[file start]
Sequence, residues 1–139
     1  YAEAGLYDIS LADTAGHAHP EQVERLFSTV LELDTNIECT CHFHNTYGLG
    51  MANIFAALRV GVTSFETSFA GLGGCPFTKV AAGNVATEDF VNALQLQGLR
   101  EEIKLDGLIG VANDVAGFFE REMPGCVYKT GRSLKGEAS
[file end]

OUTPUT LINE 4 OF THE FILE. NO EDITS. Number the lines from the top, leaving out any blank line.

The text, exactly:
   101  EEIKLDGLIG VANDVAGFFE REMPGCVYKT GRSLKGEAS